Treatment for lung cancer depends on the cancer's specific cell type, how far it has spread, and the person's performance status. Common treatments include surgery, chemotherapy, and radiation therapy. In this issue, two articles focus on the methods of surgery. Ma et al. compared lobe-specific mediastinal lymphadenectomy (LL) and systematic mediastinal lymphadenectomy (SL) for clinical stage T 1a N 0 M 0 NSCLC and found that LL has similar efficacy as SL and it was unnecessary to perform systematic lymphadenectomy in such patients. Zhang et al. found that the thoracoscopic anatomic segmentectomy was safe and effective for stage I A peripheral lung cancer. In fact, the prognosis of lung cancer is poor, since it has often metastasized to distant organs. [17] The prognoses of these patients with metastasis lung cancer are usually poor due to the impossibility of complete resection of lung cancer. Jin et al. introduced a single institution experience with pleuropneumonectomy, which might enhance postoperative combined therapy, and beneficial to patients' long-term survival. Indeed, the mechanism of metastasis of lung cancer is unmet currently. Considering that the consequence of chemotherapy and radiotherapy is still disappointing, it is urgent to elucidate thoroughly the underlying molecular mechanisms of metastasis, which will help provide enough potential targets for clinical applications. Not surprisingly, this research field is the hotspot. Epithelia-mesenchymal transition (EMT) has been widely accepted as the early stage of tumor metastasis. [5] In this issue, the function of histone acetylation and cell polarity during EMT in lung cancer were reviewed by Zhang et al. and Liu et al., respectively. The two reviews give some new perspectives on EMT regulation. Understanding the genetic background of metastasis will contribute to the personalized treatment. [18] Besides, it also assists to finding the molecular predictors of systemic chemotherapy efficacy. In fact, no biomarker has yet reached a level of evidence to allow its routine use in metastatic lung cancer. Consequently, one of the main challenges in the future is to facilitate efficient and personalized therapeutic management of lung cancer, especially metastatic lung cancer.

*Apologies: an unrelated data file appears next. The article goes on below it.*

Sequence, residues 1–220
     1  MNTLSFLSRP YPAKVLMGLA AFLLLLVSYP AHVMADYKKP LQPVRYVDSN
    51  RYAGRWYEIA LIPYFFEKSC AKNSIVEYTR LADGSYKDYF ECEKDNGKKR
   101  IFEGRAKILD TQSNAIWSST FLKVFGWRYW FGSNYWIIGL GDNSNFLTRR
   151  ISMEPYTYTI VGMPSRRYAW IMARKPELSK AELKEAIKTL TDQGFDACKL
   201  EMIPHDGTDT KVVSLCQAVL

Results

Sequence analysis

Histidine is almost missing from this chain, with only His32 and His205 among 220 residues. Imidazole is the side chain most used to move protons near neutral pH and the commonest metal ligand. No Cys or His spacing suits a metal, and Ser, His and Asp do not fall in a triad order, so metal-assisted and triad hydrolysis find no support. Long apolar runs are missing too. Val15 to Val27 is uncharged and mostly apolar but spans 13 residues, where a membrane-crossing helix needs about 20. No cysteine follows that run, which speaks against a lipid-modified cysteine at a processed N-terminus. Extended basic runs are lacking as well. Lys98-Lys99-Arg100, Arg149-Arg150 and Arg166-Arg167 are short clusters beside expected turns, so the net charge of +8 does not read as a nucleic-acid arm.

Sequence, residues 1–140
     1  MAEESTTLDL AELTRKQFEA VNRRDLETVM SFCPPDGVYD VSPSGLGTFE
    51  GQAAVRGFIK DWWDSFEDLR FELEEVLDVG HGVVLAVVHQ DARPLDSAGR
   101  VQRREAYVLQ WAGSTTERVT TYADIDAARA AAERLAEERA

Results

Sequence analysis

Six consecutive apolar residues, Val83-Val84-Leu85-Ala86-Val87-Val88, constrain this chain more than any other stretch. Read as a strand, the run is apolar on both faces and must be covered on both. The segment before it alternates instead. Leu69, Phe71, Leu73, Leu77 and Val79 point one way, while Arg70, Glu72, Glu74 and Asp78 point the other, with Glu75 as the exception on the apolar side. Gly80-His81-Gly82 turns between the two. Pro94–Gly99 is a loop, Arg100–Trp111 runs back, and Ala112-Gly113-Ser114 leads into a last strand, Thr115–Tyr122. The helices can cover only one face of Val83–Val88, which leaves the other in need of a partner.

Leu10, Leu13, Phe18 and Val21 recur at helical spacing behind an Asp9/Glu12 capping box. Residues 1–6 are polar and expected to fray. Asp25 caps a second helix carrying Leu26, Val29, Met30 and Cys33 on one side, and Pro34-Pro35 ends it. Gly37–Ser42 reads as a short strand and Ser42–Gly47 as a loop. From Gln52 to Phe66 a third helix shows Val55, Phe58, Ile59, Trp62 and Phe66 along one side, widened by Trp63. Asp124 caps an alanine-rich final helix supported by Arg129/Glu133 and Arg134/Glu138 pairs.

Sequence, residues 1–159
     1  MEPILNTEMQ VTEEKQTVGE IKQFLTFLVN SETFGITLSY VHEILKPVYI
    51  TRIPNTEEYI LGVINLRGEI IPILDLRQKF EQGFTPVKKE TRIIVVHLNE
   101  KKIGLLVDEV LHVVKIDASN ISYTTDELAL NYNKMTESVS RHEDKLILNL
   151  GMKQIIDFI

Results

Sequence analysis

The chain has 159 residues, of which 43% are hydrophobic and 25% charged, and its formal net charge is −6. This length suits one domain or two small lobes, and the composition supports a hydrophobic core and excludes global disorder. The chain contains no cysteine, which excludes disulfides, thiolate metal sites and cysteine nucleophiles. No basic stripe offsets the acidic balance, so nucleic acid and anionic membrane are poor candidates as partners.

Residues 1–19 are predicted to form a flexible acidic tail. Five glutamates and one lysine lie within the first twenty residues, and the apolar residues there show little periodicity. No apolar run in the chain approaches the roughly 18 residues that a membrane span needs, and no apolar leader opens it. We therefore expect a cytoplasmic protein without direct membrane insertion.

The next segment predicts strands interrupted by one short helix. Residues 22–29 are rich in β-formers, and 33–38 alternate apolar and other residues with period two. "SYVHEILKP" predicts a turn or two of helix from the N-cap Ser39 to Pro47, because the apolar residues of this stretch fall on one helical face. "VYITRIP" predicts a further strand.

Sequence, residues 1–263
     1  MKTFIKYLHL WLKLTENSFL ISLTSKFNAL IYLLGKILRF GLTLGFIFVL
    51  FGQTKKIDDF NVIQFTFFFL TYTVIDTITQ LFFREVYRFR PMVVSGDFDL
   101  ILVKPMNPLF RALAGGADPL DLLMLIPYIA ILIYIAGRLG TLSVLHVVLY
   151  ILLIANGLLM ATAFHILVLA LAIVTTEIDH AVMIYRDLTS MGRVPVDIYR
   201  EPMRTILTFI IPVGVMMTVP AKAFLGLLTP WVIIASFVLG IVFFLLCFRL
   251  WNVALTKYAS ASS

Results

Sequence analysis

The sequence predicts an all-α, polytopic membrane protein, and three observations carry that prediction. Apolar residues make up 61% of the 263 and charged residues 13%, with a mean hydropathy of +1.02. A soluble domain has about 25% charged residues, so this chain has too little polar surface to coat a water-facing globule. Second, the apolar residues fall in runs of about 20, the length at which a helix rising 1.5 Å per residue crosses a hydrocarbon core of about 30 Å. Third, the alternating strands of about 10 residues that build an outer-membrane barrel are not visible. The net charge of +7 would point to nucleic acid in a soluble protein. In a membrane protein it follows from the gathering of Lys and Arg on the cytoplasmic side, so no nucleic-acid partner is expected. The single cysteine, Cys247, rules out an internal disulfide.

As molecular mechanisms have been explored in lung cancer more recently, the personalized approach is emerging. Exact characterization and classification to patients with lung cancer will benefit to the specific and efficient management, which will contribute to improve survival rates. However, many challenges exist currently, especially in China, as the factors from environment and genetics are complicated.

 > References Top

1.Herbst RS, Heymach JV, Lippman SM. Lung Cancer. N Engl J Med 2008;359:1367-80.  Back to cited text no. 1
2.Chen W, Zheng R, Zhang S, Zou X, Zhao P, He J. Lung cancer incidence and mortality in China, 2009. Thorac Cancer 2013;4:102-8.  Back to cited text no. 2
3.Chen WQ, Zheng RS, Zeng HM. Bayesian age-period-cohort prediction of lung cancer incidence in China. Thorac Cancer 2011;2:149-55.  Back to cited text no. 3
4.She J, Yang P, Hong Q, Bai C. Lung cancer in China: Challenges and interventions. Chest 2013;143:1117-26.  Back to cited text no. 4
5.Hanahan D, Weinberg RA. Hallmarks of cancer: The next generation. Cell 2011;144:646-74.  Back to cited text no. 5
6.Hecht SS. Tobacco carcinogens, their biomarkers and tobacco-induced cancer. Nat Rev Cancer 2003;3:733-44.  Back to cited text no. 6
7.Sopori M. Effects of cigarette smoke on the immune system. Nat Rev Immunol 2002;2:372-7.  Back to cited text no. 7
8.Fang X, Wang X, Bai C. COPD in China: The burden and importance of proper management. Chest 2011;139:920-9.  Back to cited text no. 8
9.Han JX, Ma L, Zhang HW, Liu X, Zheng SH, Gan DK, et al. A cross sectional study of passive smoking of non-smoking women and analysis of influence factors on women passive smoking. Wei Sheng Yan Jiu 2006;35:609-11.  Back to cited text no. 9
10.Zhang J, Ou JX, Bai CX. Tobacco smoking in China:prevalence, disease burden, challenges and future strategies. Respirology 2011;16:1165-72.  Back to cited text no. 10
11.Couraud S, Zalcman G, Milleron B, Morin F, Souquet PJ. Lung cancer in never smokers--a review. Eur J Cancer 2012;48:1299-311.  Back to cited text no. 11
12.Feldser DM, Kostova KK, Winslow MM, Taylor SE, Cashman C, Whittaker CA, et al. Stage-specific sensitivity to p53 restoration during lung cancer progression. Nature 2010;468:572-5.  Back to cited text no. 12
13.Sequist LV, Bell DW, Lynch TJ, Haber DA. Molecular predictors of response to epidermal growth factor receptor antagonists in non-small-cell lung cancer. J Clin Oncol 2007;25:587-95.  Back to cited text no. 13
14.Liu Y, He W, Long J, Pang F, Xian L, Chen M, et al. Natural selection and functional diversification of the epidermal growth factor receptor EGFR family in vertebrates. Genomics 2013;101:318-25.  Back to cited text no. 14
15.Uribe P, Gonzalez S. Epidermal growth factor receptor (EGFR) and squamous cell carcinoma of the skin: Molecular bases for EGFR-targeted therapy. Pathol Res Pract 2011;207:337-42.  Back to cited text no. 15
16.Antonicelli A, Cafarotti S, Indini A, Galli A, Russo A, Cesario A, et al. EGFR-targeted therapy for non-small cell lung cancer: Focus on EGFR oncogenic mutation. Int J Med Sci 2013;10:320-30.  Back to cited text no. 16
17.Li B, Wang C, Zhang Y, Zhao XY, Huang B, Wu PF, et al. Elevated PLGF contributes to small-cell lung cancer brain metastasis. Oncogene 2013;32:2952-62.  Back to cited text no. 17
18.Salgia R, Hensing T, Campbell N, Salama AK, Maitland M, Hoffman P, et al. Personalized treatment of lung cancer. Semin Oncol 2011;38:274-83.  Back to cited text no. 18